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Hanoi pho story transcends poverty and gourmet

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Hanoi’s centuries-old hometown specialty noodle soup, pho, is not only delicious, but a vehicle by which class lines can fade, according to a history of the dish published last year.

Trinh Quang Dung, a 71-year-old scientist at the Vietnam Academy of Science and Technology, embarked on a research journey tracing the roots and socio-historical evolution of Vietnam’s most famous and ubiquitous dish, culminating in his 2022 book “One Hundred Years of Vietnamese pho.”

Dung spent decades gathering and studying historical records to shed light on pho’s intriguing past and present.

His research revealed a debate surrounding the birthplace of pho: Hanoi or its neighbor Nam Dinh Province. According to the book, early in the 20th century, pho peddlers from Nam Dinh brought their dish to Hanoi. At the same time, a pho variant emerged from Di Trach Commune, Ha Dong Province, which is now part of Hanoi.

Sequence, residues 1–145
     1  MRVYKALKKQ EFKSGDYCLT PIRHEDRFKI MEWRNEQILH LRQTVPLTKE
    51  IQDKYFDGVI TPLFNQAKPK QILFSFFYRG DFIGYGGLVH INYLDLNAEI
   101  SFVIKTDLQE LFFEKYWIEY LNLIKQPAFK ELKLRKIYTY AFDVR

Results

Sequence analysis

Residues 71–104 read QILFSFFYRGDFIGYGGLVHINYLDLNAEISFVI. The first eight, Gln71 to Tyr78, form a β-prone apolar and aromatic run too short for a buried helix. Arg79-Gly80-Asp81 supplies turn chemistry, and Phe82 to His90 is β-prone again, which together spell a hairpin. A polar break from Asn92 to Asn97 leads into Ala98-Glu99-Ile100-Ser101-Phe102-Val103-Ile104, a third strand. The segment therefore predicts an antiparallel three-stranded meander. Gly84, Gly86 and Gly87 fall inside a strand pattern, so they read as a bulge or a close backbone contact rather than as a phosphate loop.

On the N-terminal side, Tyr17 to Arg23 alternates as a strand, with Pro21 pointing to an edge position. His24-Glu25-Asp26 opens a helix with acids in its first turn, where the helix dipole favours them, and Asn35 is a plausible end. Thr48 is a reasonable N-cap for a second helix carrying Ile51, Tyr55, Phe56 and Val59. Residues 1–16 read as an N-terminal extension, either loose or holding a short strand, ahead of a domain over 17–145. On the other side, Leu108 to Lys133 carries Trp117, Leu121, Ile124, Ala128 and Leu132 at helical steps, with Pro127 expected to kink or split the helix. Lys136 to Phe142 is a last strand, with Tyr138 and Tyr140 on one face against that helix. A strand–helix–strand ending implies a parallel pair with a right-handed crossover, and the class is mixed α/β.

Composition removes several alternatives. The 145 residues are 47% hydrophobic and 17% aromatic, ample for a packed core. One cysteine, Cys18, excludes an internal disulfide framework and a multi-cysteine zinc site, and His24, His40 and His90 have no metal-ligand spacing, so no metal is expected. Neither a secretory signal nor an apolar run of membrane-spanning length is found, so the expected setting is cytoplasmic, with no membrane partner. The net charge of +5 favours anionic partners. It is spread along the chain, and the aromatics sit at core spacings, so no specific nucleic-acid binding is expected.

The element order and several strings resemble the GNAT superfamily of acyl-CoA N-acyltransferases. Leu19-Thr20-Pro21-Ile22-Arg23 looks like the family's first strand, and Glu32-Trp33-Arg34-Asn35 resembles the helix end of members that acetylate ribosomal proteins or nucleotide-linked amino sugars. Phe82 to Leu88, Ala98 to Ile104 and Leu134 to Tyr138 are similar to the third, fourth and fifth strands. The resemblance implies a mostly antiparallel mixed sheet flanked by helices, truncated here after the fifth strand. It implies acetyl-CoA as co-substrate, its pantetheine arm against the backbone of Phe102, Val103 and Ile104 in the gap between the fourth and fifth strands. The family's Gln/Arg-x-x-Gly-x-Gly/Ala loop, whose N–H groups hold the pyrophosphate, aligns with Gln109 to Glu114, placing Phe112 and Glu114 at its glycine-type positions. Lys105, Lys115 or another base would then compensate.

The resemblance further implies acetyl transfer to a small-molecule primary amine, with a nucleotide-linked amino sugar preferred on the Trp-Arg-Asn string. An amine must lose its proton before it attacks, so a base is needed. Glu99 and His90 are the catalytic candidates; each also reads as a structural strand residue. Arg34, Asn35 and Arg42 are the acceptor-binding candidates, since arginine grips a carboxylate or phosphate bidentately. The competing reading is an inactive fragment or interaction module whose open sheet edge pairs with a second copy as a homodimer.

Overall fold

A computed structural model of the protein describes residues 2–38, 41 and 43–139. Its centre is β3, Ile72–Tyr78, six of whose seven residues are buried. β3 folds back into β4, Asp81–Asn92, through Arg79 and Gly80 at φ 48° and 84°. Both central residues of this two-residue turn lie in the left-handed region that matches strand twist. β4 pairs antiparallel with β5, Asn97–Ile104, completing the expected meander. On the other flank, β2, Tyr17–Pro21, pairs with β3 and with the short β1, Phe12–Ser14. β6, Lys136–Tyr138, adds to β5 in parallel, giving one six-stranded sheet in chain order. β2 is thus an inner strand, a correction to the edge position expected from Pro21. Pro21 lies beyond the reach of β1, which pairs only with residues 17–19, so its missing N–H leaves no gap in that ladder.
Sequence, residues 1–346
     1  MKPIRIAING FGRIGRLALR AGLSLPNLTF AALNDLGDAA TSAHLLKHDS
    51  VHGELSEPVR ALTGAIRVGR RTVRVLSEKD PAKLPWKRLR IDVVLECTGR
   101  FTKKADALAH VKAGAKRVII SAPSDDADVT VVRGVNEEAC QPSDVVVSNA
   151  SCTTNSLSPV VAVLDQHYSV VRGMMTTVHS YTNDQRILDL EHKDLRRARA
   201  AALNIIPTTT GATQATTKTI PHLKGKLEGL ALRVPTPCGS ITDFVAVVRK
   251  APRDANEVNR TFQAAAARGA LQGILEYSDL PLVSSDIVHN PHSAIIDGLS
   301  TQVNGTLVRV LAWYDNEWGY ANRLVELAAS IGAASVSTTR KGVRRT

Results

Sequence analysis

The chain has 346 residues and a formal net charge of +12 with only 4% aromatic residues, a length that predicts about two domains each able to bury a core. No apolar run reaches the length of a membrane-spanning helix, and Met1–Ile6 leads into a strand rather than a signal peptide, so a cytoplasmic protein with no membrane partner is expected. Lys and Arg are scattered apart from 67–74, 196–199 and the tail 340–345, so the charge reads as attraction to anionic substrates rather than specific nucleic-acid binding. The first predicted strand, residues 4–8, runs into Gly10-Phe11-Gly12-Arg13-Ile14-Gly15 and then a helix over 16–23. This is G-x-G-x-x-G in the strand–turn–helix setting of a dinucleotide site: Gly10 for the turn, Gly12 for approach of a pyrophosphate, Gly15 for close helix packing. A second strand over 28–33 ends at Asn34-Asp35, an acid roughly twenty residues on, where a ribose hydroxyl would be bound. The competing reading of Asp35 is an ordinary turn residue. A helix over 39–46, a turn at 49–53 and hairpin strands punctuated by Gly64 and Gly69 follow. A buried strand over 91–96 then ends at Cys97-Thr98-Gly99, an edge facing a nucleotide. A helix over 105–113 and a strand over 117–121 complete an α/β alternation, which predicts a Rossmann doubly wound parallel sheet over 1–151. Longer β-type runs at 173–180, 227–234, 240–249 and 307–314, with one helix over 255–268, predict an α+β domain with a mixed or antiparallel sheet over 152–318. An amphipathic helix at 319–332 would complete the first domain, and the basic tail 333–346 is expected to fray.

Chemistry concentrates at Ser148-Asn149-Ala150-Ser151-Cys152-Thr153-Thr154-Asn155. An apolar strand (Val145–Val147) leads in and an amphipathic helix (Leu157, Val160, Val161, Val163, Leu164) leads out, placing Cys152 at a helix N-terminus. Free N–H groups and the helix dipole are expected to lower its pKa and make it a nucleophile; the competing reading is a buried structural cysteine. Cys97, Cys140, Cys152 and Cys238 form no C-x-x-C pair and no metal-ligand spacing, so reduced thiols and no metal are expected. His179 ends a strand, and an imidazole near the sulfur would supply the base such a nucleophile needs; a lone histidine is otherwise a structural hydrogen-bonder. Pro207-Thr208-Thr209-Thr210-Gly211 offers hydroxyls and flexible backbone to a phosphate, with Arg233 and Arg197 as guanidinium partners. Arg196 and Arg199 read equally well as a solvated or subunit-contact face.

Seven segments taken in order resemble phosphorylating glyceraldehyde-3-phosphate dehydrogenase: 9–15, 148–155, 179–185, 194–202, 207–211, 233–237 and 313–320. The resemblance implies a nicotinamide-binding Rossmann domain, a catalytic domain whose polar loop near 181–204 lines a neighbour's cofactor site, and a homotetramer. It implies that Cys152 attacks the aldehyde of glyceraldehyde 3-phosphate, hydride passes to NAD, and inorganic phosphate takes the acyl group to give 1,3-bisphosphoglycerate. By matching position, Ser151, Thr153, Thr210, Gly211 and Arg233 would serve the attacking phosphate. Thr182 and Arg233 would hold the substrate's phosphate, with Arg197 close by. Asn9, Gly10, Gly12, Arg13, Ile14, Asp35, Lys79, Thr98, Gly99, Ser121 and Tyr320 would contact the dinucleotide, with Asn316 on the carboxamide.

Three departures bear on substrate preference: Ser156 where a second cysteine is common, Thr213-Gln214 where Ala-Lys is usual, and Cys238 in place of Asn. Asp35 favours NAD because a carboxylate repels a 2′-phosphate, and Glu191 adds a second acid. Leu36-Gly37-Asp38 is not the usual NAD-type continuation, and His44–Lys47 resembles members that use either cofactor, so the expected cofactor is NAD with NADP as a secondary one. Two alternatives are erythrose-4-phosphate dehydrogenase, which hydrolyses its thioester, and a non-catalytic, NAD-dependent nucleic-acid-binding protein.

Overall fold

Nonetheless, Dung’s book firmly asserts that Hanoi was the epicenter of pho’s evolution.

He argues that the reason is because the capital had the most thriving market for the dish.

Pho then became increasingly popular in a growing number of regions of Vietnam. In Hanoi, the beef (or chicken or sometimes rarely even port) noodle soup had been considered a luxury. But as the soup became popular in other regions, both rich and poor began sitting together to enjoy the dish on the streets.

And then in another turn, still the dish never lost its original reputation:

Even when an influx of nearly-destitute Nam Dinh textile factory began eating the dish ubiquitously, pho retained its status as a luxury treat in rural Vietnam. Dung gained this insight into Nam Dinh’s pho culture from dialogues with an elder from Van Cu Village in Nam Dinh.